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Thread: Advice needed, Going for sleep study

  1. #1

    Question Advice needed, Going for sleep study

    I am going in for a sleep study on friday. I have been doing some fairly complex things in my sleep, talking on the phone, making grilled cheese, and yes, even driving! When I caught myself driving I knew it was time to go to the doctor! The doctor recommended the sleep study, and I really didn't have a choice.

    I am a DL, but don't wear regularly.

    When sleeping, I use a stuffed animal, and a pacifier. Funny enough, neither are related to my fetish.

    I used to suck my thumb at night (habit left over from when I was little, I still do it during the day when I am stressed), but then I started grinding my teeth, had to wear a night guard, and a pacifier became a much better option.

    Anyways, I am totally embarrassed about going into the sleep study with a pacifier. The stuffed animal I can live with (he is cute, what can I say ) I have been trying for the last couple of weeks to temporarily ween myself off of my pacifier, and go back to sucking my thumb instead, but unfortunately it isn't working. I keep the pacifier thing, a BIG secret, not even my girlfriend knows, or my housemates of 3 years.

    To the question (sorry for rambling on), would it be bad for me to leave the pacifier at home, and just suffer through the sleep study, as in could it skew the results? I would much rather no one see it, and there be nothing about it in any medical record, however, I obviously need an accurate test, and would bring it if needed.

    If I do bring it, I am worried that that may also skew the results, because I am paranoid about people knowing about my pacifier.

    Anyways, what do you all think? Should I not bring it, instead, try to suck my thumb or do I need to bring it.

    Thanks, and sorry again for the rambling post. Also, sorry for any bad grammar/spelling, I am dyslexic.

  2. #2


    When I did a sleep study I was in a room with the door shut, lights out and curtain drawn over the window. There was no camera in the room. The only thing was electrodes attached to my chest and I think my head. I was woken up by the guy in the morning and offered coffee. The only bad part about the study is I had to get up and go to the bathroom in the middle of the night which required me being disconnected from the monitor I was attached to. If I knew then what I know now...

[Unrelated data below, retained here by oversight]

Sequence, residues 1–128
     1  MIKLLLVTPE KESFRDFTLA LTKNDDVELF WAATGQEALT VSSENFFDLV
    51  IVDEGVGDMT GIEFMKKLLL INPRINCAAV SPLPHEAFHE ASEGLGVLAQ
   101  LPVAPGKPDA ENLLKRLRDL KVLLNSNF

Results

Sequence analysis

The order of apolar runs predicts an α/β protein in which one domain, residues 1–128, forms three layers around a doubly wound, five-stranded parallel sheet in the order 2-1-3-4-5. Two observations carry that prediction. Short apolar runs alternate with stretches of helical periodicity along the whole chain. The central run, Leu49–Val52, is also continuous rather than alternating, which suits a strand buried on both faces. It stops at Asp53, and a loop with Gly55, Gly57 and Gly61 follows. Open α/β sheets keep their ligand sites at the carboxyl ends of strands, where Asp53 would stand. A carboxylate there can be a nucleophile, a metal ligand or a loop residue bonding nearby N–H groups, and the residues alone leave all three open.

So, if your study is like mine, bring whatever makes you happy. You will probably never see the guy again and I'm sure he has many more dramatic stories to tell than a pacifier and a plushie. I would venture to say he has probably seen one or both already and some of the older patients probably wear diapers, too.

    P.S. You're grammar and English are fine.

    And when you get a chance, please introduce yourself here. We like to know each other a little bit so we can relate better.

  3. #3


    As Zipperless said, you probably won't see them again. And even if they ask about it just use the excuse of grinding teeth.

  4. #4


    I'm usually reticent to show off that kind of thing to others but since it's a study for your health, I think you should make you best guess at which thing will give you the most accurate results. I don't think medical professionals are such hothouse flowers that they can't deal with a little something outside the norm if they'll even see anything.

  5. #5


    I have had two sleep studies. The only hard fast rules are: you have to have private parts covered (if you have to get up to go to the bathroom you will leave the study area and go into a public hallway to get to the bathrooms) and NO CAFFINE the day before the test.

    As for the use of the pacifier I do not think that it would be any big deal. If you are not comfortable (Being wired is not the most comfortable condition. I always wind up getting tangled in all of the wires) then you will not go to sleep very easily.

    Yes there will be a camera, but all they care about is the level of movement that is occurring. I took my favorite blanket and a tape recorder to play old time radio tapes. The tech said that when he got bored he turned the mic on in my room to listen to the tapes because he had never heard of them and liked the Sci-Fi that I was listening too.